Film / Wall Street

"The point is, ladies and gentlemen, that greed — for lack of a better word — is good."
Gordon Gekko

Wall Street is a 1987 movie directed by Oliver Stone and starring Michael Douglas (in an Oscar-winning performance) and Charlie Sheen.

A stockbroker named Bud Fox (Sheen) wants to become top of the world. He becomes involved with his idol, Gordon Gekko (Douglas), a ruthless Wall Street player who has a conflict with Bud's father, Carl (Martin Sheen).

It received a sequel in 2010, Wall Street: Money Never Sleeps.

Not to be confused with the actual Wall Street. ...there is no such article on that here yet.

"Tropes, for lack of a better word, are good. Tropes work."

  • Alliterative Name: Gordon Gekko.
  • Artistic License Law: When Gekko asks Fox to follow Lawrence Wildman around, Fox complains that he could lose his license and/or go to jail. In reality, there's nothing illegal about following someone around and noting that he ate lunch in a public restaurant with other people, as this is all publicly observable information. It would only be illegal if Fox was menacing Wildman in some way, and Fox tries not to be noticed by Wildman or anyone with him. The first illegal act Fox commits is searching Roger's law firm's records (under the ruse of co-owning the cleaning company) and making copies of them for Gekko.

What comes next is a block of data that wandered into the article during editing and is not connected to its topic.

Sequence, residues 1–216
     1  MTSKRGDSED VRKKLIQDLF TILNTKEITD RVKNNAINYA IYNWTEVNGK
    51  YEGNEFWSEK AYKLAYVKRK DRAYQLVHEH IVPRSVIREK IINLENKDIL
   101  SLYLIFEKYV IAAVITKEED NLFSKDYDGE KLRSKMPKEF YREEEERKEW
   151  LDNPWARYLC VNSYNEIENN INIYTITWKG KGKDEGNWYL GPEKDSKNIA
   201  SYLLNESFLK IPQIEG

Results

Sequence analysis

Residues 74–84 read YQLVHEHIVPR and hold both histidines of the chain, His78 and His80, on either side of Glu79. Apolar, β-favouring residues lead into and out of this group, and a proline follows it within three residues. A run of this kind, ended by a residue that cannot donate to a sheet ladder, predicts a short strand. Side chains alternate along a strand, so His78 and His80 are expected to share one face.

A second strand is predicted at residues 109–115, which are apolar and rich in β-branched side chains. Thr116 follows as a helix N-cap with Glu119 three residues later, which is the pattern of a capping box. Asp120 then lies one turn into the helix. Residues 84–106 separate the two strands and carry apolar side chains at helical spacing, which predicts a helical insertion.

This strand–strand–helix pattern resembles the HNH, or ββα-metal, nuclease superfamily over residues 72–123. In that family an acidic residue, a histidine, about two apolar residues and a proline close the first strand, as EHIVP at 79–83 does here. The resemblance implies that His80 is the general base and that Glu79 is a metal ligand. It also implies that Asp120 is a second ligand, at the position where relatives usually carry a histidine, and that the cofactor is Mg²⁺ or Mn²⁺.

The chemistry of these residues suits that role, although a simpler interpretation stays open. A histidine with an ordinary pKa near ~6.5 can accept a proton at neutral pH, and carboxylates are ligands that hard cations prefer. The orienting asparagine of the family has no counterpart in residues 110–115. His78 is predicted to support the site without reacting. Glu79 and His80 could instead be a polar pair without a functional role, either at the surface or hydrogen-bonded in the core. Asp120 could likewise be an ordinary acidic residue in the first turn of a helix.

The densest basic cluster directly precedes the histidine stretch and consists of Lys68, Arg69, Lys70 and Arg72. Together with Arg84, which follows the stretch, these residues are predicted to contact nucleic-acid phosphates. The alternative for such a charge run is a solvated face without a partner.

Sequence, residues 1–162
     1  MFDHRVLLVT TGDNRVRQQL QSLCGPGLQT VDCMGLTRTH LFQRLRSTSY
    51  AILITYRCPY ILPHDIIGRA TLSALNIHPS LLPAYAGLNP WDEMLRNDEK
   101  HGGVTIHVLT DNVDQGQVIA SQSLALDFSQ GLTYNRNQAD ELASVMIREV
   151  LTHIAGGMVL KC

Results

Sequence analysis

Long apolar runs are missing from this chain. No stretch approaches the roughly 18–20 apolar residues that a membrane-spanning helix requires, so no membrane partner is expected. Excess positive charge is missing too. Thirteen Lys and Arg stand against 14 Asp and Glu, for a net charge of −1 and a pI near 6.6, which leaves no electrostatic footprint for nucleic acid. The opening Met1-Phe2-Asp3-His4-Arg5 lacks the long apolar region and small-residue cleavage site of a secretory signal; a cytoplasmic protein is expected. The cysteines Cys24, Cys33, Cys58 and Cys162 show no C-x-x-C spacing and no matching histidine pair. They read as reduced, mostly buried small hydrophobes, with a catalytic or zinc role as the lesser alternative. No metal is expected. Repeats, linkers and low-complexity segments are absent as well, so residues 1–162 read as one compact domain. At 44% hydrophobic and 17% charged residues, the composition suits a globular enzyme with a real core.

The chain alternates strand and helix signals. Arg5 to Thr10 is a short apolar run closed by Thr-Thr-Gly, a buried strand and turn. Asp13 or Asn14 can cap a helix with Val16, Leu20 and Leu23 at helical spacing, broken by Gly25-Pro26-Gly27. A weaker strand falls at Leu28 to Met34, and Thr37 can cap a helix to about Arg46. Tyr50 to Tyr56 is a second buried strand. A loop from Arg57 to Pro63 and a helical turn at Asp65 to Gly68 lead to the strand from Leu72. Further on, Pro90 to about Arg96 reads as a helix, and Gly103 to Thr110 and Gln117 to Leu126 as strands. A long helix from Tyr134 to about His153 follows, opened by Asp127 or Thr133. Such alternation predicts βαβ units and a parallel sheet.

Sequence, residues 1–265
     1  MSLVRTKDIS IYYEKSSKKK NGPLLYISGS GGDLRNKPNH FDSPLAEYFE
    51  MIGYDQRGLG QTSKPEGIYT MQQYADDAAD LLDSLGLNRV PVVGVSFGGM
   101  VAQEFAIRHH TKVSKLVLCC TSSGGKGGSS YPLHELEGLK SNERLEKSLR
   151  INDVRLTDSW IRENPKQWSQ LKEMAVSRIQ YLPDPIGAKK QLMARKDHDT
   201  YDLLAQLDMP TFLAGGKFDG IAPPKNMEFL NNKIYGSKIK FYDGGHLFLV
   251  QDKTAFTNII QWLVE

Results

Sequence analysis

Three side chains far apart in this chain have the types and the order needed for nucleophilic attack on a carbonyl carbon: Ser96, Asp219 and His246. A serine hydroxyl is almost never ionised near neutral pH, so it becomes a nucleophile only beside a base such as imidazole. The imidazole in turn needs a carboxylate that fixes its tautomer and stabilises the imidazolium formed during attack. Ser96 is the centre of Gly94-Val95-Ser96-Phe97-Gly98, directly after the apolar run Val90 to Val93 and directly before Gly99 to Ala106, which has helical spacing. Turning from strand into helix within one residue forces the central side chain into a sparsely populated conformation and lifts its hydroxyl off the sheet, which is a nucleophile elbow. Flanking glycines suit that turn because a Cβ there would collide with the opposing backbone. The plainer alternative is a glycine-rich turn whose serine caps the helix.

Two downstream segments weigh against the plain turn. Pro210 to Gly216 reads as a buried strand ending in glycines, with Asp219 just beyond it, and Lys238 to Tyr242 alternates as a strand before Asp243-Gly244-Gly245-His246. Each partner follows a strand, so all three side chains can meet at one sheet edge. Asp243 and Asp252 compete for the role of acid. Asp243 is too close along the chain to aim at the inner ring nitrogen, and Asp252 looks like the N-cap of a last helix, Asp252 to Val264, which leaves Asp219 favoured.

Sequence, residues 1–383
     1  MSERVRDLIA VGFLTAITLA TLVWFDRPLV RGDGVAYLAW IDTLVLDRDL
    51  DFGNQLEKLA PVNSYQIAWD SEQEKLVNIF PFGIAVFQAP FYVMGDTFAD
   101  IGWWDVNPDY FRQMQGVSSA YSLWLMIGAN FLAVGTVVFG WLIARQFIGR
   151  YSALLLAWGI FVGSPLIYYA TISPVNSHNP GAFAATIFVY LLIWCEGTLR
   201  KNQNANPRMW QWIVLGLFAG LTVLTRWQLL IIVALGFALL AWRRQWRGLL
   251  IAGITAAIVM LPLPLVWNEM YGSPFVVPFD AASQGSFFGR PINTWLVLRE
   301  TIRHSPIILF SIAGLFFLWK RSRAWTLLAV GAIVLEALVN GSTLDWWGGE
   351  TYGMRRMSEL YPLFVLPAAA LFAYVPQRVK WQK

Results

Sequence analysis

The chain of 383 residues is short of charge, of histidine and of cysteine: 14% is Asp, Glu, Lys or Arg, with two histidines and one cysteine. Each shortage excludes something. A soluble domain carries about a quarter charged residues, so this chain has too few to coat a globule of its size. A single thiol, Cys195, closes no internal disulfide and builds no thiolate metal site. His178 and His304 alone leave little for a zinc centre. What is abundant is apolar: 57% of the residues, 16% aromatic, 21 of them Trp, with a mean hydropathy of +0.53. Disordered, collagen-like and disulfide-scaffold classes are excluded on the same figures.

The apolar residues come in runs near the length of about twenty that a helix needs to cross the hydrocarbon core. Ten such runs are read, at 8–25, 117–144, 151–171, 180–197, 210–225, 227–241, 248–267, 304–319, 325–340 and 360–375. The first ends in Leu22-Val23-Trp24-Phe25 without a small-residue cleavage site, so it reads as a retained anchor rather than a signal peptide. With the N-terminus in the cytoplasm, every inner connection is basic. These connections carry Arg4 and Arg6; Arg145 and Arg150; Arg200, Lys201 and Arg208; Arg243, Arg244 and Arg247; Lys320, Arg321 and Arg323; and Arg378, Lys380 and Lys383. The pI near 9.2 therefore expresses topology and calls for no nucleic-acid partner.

• Better Than Sex: Gordon Gekko relates that when he made an $800,000 profit on his first business real-estate purchase, he thought making all that money was "better than sex," but years later, he only sees it as a day's pay.
  • Big Bad: Gordon Gekko, who is an unscrupulous corporate raider and an Evil Mentor to Bud Fox.
  • Bittersweet Ending: Bud saves the airline, but is facing a jail term. Likewise, the airline workers have staved off unemployment, but are facing wage cutbacks. But the sequel reveals that once Bud does his stint, he takes up the job at Bluestar that Mr. Wildman offered him, proceeds to turn it into one of the most successful airlines in the country and retires a rich man.
  • Broken Pedestal: Bud's attitude to Gekko after he intentionally plans to drive his father's cherished company into bankruptcy.
    Gordon Gekko: What the hell do you want?
    Bud Fox: I found out about the garage sale down at Bluestar. Why?
    Gordon: Last night I was reading Rudy about the story of Winnie the Pooh and the Honey Pot. You know what happened? Stuck his nose once too often, and he got stuck.
    Bud: Maybe you ought to read him Pinocchio. I thought that you were gonna turn Bluestar around, not upside-down. You fucking used me!